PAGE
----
The Fairy Story That Came True: A Tale of Petrol

Heather Berry

figure 1 press cutting
Figure 1: Press cuttings of Shell product advertising. Amuse little ‘nips’ on long car trips. Shell Historical Collection, 2008.0045.00397

The Shell Historical Archive, housed at the University of Melbourne Archives contains a rich variety of photographs, advertisements, and other ephemera which showcase the development of not only a large petroleum corporation, but also the development of Australian roadways and car culture. Perusing the collection, the advertisements in particular spoke to me as representations of the stylised happy cartoon families that we associate with pre- and post-war advertising (See Figure 1) that are so often incorporated into or even nostalgically form the basis of our idea of ‘vintage’, including the John and Betty readers used in Victorian primary schools. Continue reading “The Fairy Story That Came True: A Tale of Petrol”

The Many Facets of Ephemera

Samara Greenwood

Delving into the digitised items of the Shell Historical Collection, my attention was captured by one particular artifact. It is an image of a 1964 advertising blotter produced by Shell to commemorate the 50th anniversary of the first Australian airmail flight (Figure 1). I was intrigued by the ordinariness of the artifact, combined with its visual complexity and connection to a little-known historic event.

1914 souvenir blotter
Figure 1. Reproduction of 1914 Souvenir Blotter, 50th Anniversary First Air Mail in Australia Melbourne to Sydney, 1964. Shell Historical Collection, 2008.0045.00795

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The Branding Pearl Contained in Shell’s Logo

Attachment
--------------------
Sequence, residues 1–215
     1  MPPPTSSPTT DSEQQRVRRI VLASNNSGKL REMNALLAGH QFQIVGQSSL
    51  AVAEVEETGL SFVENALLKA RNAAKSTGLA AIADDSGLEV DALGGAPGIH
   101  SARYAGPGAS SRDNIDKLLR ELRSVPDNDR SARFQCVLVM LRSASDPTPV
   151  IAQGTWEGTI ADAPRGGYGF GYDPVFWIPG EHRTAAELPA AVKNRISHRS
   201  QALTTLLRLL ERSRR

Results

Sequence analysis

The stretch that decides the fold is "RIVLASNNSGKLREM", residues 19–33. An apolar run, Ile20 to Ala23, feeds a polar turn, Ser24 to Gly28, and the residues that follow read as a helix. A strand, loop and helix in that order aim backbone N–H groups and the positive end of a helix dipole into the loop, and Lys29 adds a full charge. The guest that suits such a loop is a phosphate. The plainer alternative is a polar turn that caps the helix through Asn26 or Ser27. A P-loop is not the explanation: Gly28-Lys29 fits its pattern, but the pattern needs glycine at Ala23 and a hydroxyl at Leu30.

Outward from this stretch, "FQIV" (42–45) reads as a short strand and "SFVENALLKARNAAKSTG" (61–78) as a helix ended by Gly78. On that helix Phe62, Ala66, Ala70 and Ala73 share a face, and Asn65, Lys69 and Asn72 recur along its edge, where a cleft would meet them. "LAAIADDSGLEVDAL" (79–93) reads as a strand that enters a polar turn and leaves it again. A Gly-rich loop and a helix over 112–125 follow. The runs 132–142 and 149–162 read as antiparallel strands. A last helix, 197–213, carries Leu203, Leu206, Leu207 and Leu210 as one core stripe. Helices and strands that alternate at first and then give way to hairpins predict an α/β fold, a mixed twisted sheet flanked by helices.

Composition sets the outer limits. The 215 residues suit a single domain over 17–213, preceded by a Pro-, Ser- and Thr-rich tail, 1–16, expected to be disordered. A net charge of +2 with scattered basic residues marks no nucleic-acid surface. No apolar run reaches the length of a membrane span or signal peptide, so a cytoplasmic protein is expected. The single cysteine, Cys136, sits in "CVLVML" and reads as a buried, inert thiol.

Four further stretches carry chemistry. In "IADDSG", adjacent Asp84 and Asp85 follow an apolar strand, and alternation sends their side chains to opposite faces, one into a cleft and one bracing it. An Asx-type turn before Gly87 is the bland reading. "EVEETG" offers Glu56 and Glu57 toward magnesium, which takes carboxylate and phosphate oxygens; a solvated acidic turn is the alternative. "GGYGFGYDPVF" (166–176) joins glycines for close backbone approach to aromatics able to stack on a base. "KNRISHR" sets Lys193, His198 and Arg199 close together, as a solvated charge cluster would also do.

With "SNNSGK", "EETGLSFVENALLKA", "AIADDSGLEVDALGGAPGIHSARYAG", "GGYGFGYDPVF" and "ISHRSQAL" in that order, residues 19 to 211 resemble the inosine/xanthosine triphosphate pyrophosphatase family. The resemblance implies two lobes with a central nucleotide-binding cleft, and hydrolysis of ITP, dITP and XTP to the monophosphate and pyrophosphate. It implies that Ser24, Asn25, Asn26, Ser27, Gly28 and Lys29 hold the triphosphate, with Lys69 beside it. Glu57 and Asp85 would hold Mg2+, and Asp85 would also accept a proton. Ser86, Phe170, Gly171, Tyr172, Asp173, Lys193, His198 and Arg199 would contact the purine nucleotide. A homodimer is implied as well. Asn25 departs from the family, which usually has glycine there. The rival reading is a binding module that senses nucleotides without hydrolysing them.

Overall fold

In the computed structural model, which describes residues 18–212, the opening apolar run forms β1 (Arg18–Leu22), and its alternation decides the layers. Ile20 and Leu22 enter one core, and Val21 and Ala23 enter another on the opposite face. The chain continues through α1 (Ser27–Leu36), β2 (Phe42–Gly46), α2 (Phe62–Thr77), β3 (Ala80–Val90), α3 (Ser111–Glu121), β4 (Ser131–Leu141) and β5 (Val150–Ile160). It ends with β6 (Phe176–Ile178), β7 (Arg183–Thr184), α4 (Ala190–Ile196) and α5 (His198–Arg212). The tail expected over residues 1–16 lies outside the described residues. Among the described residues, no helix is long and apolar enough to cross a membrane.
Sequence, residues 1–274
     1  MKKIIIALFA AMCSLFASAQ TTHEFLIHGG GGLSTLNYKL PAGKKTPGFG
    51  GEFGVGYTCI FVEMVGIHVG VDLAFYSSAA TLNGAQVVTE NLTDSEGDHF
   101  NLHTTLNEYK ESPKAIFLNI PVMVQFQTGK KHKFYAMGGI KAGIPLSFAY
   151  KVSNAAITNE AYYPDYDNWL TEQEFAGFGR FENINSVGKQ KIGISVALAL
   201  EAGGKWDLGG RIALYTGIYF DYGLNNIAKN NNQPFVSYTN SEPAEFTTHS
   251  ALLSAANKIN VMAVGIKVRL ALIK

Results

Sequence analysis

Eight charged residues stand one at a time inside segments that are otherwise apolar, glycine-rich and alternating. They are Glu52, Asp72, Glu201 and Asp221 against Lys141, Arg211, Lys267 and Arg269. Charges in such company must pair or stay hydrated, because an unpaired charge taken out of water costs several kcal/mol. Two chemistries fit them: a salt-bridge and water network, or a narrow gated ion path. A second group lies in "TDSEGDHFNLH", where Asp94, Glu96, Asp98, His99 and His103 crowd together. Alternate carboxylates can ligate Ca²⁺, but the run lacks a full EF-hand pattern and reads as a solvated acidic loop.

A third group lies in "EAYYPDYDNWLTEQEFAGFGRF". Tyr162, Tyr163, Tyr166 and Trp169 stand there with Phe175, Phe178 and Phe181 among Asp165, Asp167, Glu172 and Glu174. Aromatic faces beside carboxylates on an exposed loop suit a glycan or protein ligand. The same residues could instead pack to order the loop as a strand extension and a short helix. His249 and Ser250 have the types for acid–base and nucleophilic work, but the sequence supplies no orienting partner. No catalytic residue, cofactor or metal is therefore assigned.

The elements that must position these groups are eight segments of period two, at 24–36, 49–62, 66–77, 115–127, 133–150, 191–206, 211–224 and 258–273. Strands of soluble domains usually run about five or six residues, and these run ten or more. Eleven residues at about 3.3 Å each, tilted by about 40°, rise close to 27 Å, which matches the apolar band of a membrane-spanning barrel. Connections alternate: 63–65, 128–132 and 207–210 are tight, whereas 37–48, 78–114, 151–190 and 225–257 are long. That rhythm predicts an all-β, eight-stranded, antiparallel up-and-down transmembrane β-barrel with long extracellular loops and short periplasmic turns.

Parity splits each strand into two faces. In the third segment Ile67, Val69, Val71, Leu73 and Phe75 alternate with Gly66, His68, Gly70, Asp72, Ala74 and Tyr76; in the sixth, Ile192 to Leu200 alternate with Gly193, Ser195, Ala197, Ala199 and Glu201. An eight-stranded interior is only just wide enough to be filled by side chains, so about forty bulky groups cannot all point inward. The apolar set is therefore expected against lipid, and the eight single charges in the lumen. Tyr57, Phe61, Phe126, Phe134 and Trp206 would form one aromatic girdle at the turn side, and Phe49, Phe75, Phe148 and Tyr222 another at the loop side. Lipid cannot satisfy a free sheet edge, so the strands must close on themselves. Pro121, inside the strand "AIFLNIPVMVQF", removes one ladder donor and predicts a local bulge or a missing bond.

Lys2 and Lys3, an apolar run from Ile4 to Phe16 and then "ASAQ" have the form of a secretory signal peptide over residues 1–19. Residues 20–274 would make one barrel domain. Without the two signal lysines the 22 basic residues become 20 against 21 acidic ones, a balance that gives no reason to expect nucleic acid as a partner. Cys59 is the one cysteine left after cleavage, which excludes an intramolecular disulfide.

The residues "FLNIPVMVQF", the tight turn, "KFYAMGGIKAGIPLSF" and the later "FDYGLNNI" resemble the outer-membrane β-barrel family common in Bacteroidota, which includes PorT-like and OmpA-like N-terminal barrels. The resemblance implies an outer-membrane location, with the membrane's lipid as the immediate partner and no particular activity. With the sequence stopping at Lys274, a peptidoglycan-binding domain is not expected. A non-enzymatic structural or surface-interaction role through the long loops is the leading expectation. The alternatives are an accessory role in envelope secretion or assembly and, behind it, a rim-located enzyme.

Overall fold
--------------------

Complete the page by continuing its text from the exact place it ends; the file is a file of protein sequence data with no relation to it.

Laura Gomez Aurioles

Have you ever wondered, what does a Pecten-Scallop shell has to do with a petroleum corporation? Being the logo – the most relevant semiotic intermediary for meaning within a company’s visual and verbal promotion strategies – the origins of Royal Dutch Shell’s yellow and red mollusk tell us a story of branding and advertising success.

The Pecten, chosen as the logo in 1904, reflects the maritime activities and areas where Shell corporation was highly active. Its founder, Marcus Samuel—who used to ship oil to the Far East—found the shell as a symbol for containing a treasure, a fine and unique pearl. Consequently, this peculiar logo conveys that oil (or kerosene or petroleum) is as precious as a pearl preserved in a shell. Besides, shells are anywhere on the planet; therefore, this icon communicates that oil can be delivered to any location of the world. It is interesting to know that the company has over 500 shells in its archive and that many of them have helped it name its products. For example, Helix Lucorum gave origin to their high-performance Helix Ultra car oil range; while Rimula Marei and Microgaza Rotella inspired Rimula and Rotella heavy-duty diesel engine oils.

We may also find some early examples of how the shape of a Scallop was used in regular advertisements of the oil giant. In figure 1, we can see it with the company’s name inside the shell and featuring the product as a spirit, possibly referring to it as the finest drink for a motor; figure 2 shows a Scallop sealing securely the precious oil (just as a pearl), and in figure 3 we can appreciate all the different industries related to Shell inside the logo’s shape.

Motor spirit advertisement
Figure 1: Collection of advertisements for Supershell petrol, c1930. Shell Historical Archive 2008.0045.00181
Shell advertisements
Figure 2: Advertisements for Shell products [14 of many] Shell pumps are sealed, 1930-35. Shell Historical Archive, 2008.0045.00030
Advertising proofs
Figure 3: Shell Activities: advertising proofs, 1929-1940. Shell Historical Archive, 2008.0045.00437

Following this line, Shell was one of the first oil companies to realize that it had to build up brand loyalty through embracing nature and preserving it. This began in England in the 1930s, where poster exhibitions such as See Britain First or Countryside invited the public to explore the world, powered by Shell. “Holidays or long-service leave are the ideal opportunity to discover such attractions—and there’s no better way to do it than in the leisurely comfort of your own car”, was the closing phrase of a similar campaign launched in Australia between 1948 and 1955. Illustrated by the Australian war artist R. Malcolm Warner, Discover Australia with Shell featured a collection of educational touristic posters on Australian flora and fauna.